Judge makes jury's $10.3M award official in Depp-Heard trial
This combination of photos shows actor Johnny Depp testifying at the Fairfax County Circuit Court in Fairfax, Va., on April 21, 2022, left, and actor Amber Heard testifying in the same courtroom on May 26, 2022. The judge in the Johnny Depp-Amber Heard defamation trial made a jury's award official Friday with a written order for Heard to pay Depp $10.35 million for damaging his reputation by describing herself as a domestic abuse victim in an op-ed piece she wrote. (AP Photo)
The Associated Press
Published Friday, June 24, 2022 4:48PM EDT
ALEXANDRIA, Va. (AP) - The judge in the Johnny Depp-Amber Heard defamation trial made a jury's award official Friday with a written order for Heard to pay Depp $10.35 million for damaging his reputation by describing herself as a domestic abuse victim in an op-ed piece she wrote.
Judge Penney Azcarate entered a judgment order into the court record after a brief hearing in Fairfax County Circuit Court. She also ordered Depp to pay Heard $2 million, the jury's award on her counterclaim that Heard was defamed by one of Depp's lawyers.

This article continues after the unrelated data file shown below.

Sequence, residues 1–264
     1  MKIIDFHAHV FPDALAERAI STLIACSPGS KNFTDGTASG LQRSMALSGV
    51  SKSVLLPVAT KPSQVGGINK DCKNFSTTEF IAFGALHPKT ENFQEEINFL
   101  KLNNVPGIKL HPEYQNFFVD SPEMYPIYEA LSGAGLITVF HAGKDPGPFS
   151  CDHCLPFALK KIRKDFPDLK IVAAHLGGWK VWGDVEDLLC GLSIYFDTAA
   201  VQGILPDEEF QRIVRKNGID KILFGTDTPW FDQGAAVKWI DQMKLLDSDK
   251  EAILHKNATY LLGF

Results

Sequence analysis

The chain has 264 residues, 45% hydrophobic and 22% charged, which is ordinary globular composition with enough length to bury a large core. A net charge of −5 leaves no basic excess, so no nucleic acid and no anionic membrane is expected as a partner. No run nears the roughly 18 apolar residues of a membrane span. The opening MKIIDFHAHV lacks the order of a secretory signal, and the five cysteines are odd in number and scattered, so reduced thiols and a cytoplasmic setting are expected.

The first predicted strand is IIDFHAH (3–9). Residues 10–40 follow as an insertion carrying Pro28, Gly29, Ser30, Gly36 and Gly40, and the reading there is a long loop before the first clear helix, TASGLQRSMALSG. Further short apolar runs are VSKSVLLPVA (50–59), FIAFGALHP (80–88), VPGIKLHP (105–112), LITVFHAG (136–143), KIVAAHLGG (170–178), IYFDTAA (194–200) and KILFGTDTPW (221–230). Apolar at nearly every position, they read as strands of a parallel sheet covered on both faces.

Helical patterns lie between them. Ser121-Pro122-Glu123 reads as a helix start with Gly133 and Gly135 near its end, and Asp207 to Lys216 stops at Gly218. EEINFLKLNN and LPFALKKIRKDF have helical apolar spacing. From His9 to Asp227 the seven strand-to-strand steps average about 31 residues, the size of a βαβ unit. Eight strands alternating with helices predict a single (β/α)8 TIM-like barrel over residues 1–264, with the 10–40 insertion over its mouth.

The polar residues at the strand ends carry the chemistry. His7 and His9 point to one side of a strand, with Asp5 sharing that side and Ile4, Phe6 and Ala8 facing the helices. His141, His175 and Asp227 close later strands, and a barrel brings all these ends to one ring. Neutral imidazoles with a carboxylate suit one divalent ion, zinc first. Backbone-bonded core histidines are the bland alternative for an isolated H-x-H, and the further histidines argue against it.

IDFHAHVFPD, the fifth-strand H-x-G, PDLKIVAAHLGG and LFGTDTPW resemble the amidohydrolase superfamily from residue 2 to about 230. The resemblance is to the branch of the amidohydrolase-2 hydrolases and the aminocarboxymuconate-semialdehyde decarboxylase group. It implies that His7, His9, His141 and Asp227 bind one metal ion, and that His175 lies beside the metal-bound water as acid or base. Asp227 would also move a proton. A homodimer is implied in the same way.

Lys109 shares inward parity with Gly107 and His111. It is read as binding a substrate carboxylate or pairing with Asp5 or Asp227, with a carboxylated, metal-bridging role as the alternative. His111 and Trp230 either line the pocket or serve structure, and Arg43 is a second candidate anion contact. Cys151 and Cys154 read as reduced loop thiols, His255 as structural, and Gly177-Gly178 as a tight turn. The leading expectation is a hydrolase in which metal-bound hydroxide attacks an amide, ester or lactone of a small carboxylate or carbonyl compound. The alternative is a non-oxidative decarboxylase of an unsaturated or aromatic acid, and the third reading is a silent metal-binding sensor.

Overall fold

The order was a formality after the jury announced its verdict on June 1, largely siding with Depp after a sensational trial in which t he couple revealed lurid details of their short marriage during a televised trial that was closely followed on social media.
Depp sued Heard over a December 2018 op-ed she wrote in The Washington Post describing herself as “a public figure representing domestic abuse.” The jury found in Depp's favor on all three of his claims relating to specific statements in the 2018 piece.
The jury found Depp should receive $10 million in compensatory damages and $5 million in punitive damages, but the judge reduced the punitive damages award to $350,000 under a state cap.
Heard has said she plans to appeal the verdict.
During Friday's hearing, the judge said that if if Heard appeals, she must post a bond for the full amount of the $10.35 million award while the appeal is pending - a common practice. The judge's order says both awards are subject to 6% interest per year.